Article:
I recently read an article in the New Yorker called "How David Beats Goliath" by Malcolm Gladwell. I found it fascinating and highly recommend it - you can find it here.
The article uses the experiences of the shepherd boy David, a middle school girls' basketball coach named Vivek Ranadivé, Laurence of Arabia, Rick Patino, and others to show that the "Davids" of the world - the underdogs - can actually have a distinct advantage in competition of conflict if they focus more on effort than skill - more time looking for unconventional approaches than by playing the game as it is normally played.
The premise of the article is that underdogs actually win most of the time when they approach the conflict on their own terms, unconstrained by conventional expectations. Many times, as in the case of the middle school girls' basketball that used a vigorous full court press the entire game, the strategies are not illegal or immoral - they are simply unconventional.
Sometimes, the underdog wins by simply doing what others would never imagine doing themselves. Doug Lenat, a computer scientist from Stanford University, entered the Traveller Trillion Credit Squadron tournament, a huge multiplayer war game, and won two years in a row by allowing his computer program define his strategy before he even got there. It included fielding a huge number of small non-mobile vessels that were easily sunk (but too numerous to defeat) or sinking his own boats when they became disabled. The others in the tournament were shocked and angered by these techniques - they were within the rules - but were far outside the normal expectations of traditional warfare strategists.
Lenat, with zero previous experience or war history knowledge, won twice. He went from being mocked for his lack of conventional approach to being a pariah because he upset the conventions and turned the game on its head. He was asked to leave or the tournament organizers threatened to shut the tournament down. He left.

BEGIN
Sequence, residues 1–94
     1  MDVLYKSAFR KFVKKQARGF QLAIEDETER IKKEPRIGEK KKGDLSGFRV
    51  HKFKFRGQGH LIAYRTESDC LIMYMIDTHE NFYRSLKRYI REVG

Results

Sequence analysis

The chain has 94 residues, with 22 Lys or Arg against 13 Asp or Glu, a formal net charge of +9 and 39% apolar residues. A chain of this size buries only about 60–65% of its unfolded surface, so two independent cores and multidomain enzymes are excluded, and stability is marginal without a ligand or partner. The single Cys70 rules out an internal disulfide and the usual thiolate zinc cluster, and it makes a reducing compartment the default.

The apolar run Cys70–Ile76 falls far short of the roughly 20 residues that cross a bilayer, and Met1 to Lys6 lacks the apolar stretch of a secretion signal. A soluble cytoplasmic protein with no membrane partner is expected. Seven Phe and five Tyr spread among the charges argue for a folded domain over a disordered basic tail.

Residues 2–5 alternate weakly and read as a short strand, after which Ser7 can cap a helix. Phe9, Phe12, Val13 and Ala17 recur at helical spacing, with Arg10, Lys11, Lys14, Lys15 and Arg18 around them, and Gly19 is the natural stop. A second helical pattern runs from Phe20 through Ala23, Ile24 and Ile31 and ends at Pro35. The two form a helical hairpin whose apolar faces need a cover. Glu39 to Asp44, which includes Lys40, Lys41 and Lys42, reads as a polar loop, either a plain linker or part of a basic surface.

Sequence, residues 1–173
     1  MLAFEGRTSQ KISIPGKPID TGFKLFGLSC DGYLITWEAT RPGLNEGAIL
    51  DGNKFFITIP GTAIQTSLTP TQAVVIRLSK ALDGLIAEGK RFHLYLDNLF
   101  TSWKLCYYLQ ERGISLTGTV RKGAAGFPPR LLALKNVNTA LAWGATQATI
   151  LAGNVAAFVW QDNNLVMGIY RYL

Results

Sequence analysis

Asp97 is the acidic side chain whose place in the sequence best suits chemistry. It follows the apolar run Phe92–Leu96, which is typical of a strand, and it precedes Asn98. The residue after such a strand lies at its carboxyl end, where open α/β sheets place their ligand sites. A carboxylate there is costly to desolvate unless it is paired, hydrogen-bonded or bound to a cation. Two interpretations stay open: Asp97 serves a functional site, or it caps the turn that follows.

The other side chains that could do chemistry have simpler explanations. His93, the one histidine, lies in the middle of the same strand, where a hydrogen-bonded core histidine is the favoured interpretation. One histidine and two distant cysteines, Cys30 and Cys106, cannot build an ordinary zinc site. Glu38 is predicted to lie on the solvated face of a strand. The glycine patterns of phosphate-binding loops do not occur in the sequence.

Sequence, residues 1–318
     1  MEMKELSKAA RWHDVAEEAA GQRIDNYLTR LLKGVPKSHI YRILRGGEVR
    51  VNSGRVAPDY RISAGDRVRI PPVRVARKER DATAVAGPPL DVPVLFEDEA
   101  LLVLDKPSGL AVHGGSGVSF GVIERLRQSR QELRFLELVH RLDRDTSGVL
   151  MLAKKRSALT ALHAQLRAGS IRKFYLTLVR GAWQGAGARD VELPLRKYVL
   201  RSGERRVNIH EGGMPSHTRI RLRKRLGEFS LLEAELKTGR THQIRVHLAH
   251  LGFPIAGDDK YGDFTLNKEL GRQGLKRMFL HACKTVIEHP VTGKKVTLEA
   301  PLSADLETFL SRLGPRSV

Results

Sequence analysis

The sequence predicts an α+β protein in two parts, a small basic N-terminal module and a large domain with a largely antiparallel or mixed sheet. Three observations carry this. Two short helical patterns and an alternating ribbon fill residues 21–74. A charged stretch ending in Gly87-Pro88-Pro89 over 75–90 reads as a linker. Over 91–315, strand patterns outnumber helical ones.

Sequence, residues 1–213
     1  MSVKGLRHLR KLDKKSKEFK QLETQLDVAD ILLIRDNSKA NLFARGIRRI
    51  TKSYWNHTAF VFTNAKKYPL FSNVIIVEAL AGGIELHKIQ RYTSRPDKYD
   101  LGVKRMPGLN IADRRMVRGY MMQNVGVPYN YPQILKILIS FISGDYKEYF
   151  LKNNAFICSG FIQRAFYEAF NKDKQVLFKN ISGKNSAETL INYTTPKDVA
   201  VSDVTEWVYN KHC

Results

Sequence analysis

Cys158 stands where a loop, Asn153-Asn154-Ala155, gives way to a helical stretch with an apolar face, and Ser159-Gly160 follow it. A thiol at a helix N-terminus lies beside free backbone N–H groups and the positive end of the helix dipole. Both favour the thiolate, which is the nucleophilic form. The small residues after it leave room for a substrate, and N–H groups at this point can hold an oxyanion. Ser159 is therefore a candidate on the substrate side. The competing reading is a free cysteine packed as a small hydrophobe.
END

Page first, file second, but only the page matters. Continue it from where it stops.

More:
And that is the catch of being David. You may win - but you will pay a price for that victory. Goliath not only expects to win, but expects to define the rules of how to win. Goliath uses his great size and clout to bring what he hopes is unbearable social pressure on David in order to get him to put down his slingshot and pick up a sword. And even if he wins, he will often wear a crown empty of glory because he did not win it in the conventional way.
Jesus as the Underdog
Think about it - Jesus was God - sure, so to call him an underdog is a bit strange. But that is exactly what he was.
Theologically, he reveals to us that was bound by his own strength. Like the ram caught in the thicket by its horns and was later sacrificed in Isaac's place, Jesus was bound by his strength. His holiness and justice drove him to destroy sin like fire destroys dried wood. It is his nature - he hates sin and must judge it as the abomination that it is.
The crowning achievement of God's creation - mankind, uniquely created in the image of the Creator - is the very one who introduced sin into the world over which he had been set as guardian. God was bound to judge that sin and destroy it in wrath.
And the only way for God to accomplish that was to take the place of the underdog - and to take the unconventional approach. We know the story. The King of Kings chose to be born to in obscure place to unknown parents. He came into the kingdom struggle through the desert - not the palace. He didn't succumb to the temptation to display his power to get his own ends - to play by the rules of the religious establishment - to win friends and influence people.